Waves - Zabriskie Point in Death Valley National Park

“Waves” – Zabriskie Point in Death Valley National Park. Photo #20 by Wendy (wenzday01)

Death Valley Dunes

Death Valley Dunes. Photo #21 by John Curley

Death Valley, seen from the west on Telescope Peak in the Panamint Range, Death Valley National Park, California

Death Valley, seen from the west on Telescope Peak in the Panamint Range, Death Valley National Park. Photo #23 by Mitch from Costa Mesa, CA, USA

Telescope Peak in the Panamint Range, as viewed from Devil's Golfcourse in Death Valley, Death Valley National Park, California

Telescope Peak in the Panamint Range, as viewed from Devil’s Golfcourse in Death Valley, Death Valley National Park, California. Telescope Peak was named by Dr. Samuel George in 1861. After climbing the 11,049 foot peak, Dr. George said that he could see so far that it reminded him of looking through a telescope. Photo #24 by Wilson44691

Sunset over Dante's View and Badwater Basin, Death Valley National Park

Sunset over Dante’s View and Badwater Basin, Death Valley National Park. Some people say Dante’s View offers the most breathtaking viewpoint in the park and this mountain-top overlook is more than 5000 feet above the inferno of Death Valley. Photo #25 by Andrew Mace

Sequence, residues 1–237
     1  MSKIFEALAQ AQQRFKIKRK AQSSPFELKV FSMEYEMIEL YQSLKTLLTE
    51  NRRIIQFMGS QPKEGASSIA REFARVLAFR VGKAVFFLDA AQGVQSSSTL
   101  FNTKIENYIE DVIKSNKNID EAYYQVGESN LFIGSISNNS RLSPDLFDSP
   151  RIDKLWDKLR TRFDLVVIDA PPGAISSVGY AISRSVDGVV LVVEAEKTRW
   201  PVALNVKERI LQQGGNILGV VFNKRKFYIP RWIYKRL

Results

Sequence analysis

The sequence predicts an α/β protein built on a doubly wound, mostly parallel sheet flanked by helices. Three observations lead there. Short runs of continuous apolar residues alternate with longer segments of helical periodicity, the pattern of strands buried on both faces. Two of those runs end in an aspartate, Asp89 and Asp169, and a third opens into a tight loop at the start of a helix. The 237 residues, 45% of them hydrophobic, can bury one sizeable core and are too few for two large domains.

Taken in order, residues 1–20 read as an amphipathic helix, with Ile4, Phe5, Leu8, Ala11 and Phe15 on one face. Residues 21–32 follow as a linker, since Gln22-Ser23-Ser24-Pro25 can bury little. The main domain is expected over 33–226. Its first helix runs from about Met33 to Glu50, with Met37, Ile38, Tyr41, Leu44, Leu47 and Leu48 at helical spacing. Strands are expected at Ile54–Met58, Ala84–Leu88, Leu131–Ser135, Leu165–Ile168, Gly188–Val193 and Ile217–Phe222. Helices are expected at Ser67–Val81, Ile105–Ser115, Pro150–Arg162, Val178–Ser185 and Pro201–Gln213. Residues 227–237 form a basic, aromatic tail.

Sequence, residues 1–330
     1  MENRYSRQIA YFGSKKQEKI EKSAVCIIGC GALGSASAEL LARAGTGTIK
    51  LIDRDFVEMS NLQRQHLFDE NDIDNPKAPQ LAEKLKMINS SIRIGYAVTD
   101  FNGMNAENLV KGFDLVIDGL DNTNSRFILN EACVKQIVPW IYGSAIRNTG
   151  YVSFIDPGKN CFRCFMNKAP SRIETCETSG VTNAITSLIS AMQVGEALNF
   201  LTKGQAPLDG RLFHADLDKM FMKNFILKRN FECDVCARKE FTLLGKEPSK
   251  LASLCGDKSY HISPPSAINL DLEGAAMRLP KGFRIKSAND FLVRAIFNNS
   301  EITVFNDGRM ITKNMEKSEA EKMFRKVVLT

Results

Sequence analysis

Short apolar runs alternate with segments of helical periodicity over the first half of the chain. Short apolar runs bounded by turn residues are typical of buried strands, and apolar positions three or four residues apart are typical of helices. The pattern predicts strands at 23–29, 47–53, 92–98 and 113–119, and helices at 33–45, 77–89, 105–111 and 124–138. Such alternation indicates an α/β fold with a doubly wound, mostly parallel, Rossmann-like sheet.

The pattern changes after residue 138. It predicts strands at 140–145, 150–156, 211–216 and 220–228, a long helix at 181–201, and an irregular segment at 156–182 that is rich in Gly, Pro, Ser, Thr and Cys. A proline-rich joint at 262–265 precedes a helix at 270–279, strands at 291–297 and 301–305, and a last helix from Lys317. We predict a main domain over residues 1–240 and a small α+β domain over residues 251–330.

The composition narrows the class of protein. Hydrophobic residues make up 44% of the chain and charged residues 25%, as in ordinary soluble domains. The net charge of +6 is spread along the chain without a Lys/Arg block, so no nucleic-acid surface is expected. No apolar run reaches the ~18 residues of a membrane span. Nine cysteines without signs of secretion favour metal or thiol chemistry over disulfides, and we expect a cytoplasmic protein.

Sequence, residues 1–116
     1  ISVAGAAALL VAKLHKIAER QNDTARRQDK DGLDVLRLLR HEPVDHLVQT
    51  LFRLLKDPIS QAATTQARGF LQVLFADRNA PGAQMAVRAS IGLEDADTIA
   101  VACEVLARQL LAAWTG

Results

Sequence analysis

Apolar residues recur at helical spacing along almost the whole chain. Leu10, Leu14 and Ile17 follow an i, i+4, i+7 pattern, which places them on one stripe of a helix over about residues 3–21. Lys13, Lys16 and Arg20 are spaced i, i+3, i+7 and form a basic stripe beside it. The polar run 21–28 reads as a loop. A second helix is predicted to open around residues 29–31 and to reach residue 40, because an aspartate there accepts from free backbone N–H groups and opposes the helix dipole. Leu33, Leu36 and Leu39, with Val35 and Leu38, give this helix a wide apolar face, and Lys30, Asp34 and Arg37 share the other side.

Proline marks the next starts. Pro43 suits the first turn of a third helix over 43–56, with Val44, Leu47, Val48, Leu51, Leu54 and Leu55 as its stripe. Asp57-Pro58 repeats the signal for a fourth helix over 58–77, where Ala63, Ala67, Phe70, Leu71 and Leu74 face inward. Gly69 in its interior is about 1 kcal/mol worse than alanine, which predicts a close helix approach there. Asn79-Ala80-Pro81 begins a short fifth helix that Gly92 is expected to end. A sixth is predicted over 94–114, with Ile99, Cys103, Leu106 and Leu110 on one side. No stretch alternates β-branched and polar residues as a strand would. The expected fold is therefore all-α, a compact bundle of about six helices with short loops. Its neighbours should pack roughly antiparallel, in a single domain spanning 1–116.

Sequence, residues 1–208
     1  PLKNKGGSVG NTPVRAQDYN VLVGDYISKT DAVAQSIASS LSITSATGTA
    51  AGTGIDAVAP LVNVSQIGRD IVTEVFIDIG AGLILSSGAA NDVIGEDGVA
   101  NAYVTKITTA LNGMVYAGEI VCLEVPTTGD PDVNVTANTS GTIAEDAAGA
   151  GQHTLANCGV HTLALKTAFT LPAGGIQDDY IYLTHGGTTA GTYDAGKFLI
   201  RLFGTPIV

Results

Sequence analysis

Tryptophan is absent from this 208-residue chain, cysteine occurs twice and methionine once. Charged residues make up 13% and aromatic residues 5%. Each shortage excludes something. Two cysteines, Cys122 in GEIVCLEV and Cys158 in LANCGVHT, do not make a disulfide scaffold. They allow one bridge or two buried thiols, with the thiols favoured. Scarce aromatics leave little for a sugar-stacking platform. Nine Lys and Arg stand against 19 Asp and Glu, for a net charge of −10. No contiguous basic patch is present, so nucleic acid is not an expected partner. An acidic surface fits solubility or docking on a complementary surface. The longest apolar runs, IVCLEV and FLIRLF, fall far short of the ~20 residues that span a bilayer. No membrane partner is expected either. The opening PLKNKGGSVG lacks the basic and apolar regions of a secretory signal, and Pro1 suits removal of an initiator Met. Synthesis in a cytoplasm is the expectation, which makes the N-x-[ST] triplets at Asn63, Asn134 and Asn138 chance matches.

The Dunes at Sunset (HDR Version) - Death Valley, Ca

Death Valley Dunes at Sunset (HDR Version). Photo #26 by Jonathan (IceNineJon)

Lightning Storm at Saline Valley - Death Valley National Park

Lightning Storm at Saline Valley – Death Valley by traveling the back roads. One of the most remote locations in California, Saline Valley is surrounded by rugged mountains on all sides. Sights include a salt marsh, sand dunes, warm springs and Joshua trees at Lee Flat. Photo #27 by Paul Lovine

Artists Palette at Death Valley National Park

Artist’s Palette is in the Furnace Creek area of Death Valley National Park. Many people travel the scenic loop drive through the multi-hued volcanic and sedimentary hills which is especially photogenic in late afternoon light. The 9-mile paved road is one-way and is only drivable with vehicles less than 25 feet in length. Drive starts from Badwater Road. Photo #28 by James Marvin Phelps

Charcoal Kilns death valley